What does it take?

If you've ever wondered what it's like to take on and conquer the entire Peaks Challenge series, here's your answer.

To finish a single Peaks Challenge event is a massive achievement. To complete all three, back to back, is something else entirely. But that’s exactly what 52 brave, foolish souls did in 2015.

The stats alone are incredible:

  • 38 hours in the saddle
  • 12,000+ vertical metres
  • 13 official climbs

We sat down with two of the Peaks Elite to find out their thoughts on the series.

Marc Metzger

I loved my first Peaks Challenge Falls Creek last year, and then the Gold Coast came up. As my dad lives up Mt Nimmel, I know the hills of the Gold Coast hinterland, so there was no hesitation in signing up. And finally, I’d never been to Tassie, so Peaks Challenge Cradle Mountain presented the best opportunity for some sightseeing.

Each ride has its own tough moments—Falls Creek with WTF Corner, Gold Coast with Henri Robert Drive and Connection Road, and Cradle Mountain with Spellmans Road. But that’s what you sign up for—you have to have respect, but don’t be afraid. These are just hills!

My favourite of the three rides is Cradle Mountain. Just magic! I expected dinosaurs to pop up any minute whilst riding through the fog.

I have to confess, I’ve gotten addicted to these endurance challenges. I’ve been training since about October 2014 and it has been ongoing since – all three in the Peaks Challenge series last year, off to the Tour Down Under in Adelaide in January 2016 (a 750km week with 11,000m elevation), then Peaks Challenge Falls Creek again this year, and next I’m off to Switzerland in August for an event called the Alpenbrevet Platinum (275km/7,500m elevation in a day!). And then in November, I’m back to Peaks Challenge Cradle Mountain again… followed by Falls Creek in 2017 after the Tour Down Under! So maybe the question should be: will you ever stop training?


Kristen Slade

I took on all three rides in the Peaks Series last year largely because it was the first time that the Peaks Elite had been run, but it also sounded like a fantastic opportunity ride through some beautiful parts of Australia, particularly Tasmania where I had never been before.

On reading the write up of the Gold Coast route, I was aware that Henri Robert Drive was going to be one of the harder climbs I had attempted. It was a personal challenge for myself to see how I would go with such a tough climb at the start of the course.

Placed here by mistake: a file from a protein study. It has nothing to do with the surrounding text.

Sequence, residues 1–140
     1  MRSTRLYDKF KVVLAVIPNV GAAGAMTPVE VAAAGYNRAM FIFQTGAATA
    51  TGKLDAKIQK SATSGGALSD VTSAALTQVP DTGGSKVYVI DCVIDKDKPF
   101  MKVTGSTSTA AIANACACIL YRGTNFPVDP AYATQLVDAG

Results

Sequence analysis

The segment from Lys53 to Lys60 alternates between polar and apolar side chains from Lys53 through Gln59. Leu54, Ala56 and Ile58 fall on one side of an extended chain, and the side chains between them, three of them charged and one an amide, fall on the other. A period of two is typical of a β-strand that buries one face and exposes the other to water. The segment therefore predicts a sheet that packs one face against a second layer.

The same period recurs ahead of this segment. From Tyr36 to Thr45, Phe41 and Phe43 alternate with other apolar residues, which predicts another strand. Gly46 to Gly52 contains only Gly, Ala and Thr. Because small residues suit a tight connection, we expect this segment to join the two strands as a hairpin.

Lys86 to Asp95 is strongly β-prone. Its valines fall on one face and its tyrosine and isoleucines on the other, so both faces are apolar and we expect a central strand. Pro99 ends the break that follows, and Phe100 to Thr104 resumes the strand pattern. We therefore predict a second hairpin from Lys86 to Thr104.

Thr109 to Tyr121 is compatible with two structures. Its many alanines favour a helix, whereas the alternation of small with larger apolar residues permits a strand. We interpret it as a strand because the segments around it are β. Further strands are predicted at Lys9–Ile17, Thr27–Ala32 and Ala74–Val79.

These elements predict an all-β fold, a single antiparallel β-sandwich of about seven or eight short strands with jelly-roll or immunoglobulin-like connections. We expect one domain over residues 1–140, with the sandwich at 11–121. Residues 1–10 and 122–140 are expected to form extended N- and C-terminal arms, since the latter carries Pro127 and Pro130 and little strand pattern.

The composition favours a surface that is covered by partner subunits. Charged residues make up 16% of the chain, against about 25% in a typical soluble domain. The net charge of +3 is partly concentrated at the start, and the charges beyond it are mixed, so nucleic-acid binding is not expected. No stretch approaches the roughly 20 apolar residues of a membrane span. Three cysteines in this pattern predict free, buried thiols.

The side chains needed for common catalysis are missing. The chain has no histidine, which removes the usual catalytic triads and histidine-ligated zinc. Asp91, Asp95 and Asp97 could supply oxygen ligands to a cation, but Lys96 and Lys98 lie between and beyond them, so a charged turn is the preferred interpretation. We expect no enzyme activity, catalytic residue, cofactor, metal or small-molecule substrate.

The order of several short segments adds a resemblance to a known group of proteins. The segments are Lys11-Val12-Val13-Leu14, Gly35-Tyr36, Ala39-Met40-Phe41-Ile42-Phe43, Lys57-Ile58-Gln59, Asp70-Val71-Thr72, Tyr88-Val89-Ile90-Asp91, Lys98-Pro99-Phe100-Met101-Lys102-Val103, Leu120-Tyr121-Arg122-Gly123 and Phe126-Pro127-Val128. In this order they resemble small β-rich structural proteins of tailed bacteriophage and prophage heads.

Given the distance of the rides, as well as the time commitment required to train in the weeks beforehand, it’s always helpful to have a great group around you for extra motivation and ideas. This was especially important for the Gold Coast ride—Melbourne weather leading up to event was rather cold and wet, so extra motivation is always good to get you out on the bike!

If you’re targeting the Peaks Elite, remember the events of the Peaks Challenge series span over 7 – 8 months, and you can’t stay in perfect form the whole time. Have a steady and structured training program in place (rather than trying to cram a couple of weeks before), but make sure you get some rest in as well! Remember to spare the time to balance work, family, friends, and training as part of it all.

It’s also important to make sure you have a plan for the day itself, particularly in terms of nutrition. 12 – 13 hours is a long time to spend on the bike and so this is one of the key factors to getting through the day.

Of the three rides my favourite is Peaks Challenge Falls Creek, because I completed my sub-ten hour goal last year with a very supportive partner and a group of friends who really worked with me through the day. And the jersey is very cool to have! That feeling of satisfaction when you ride over the finish line... it’s hard to describe the magnitude of that sense of achievement.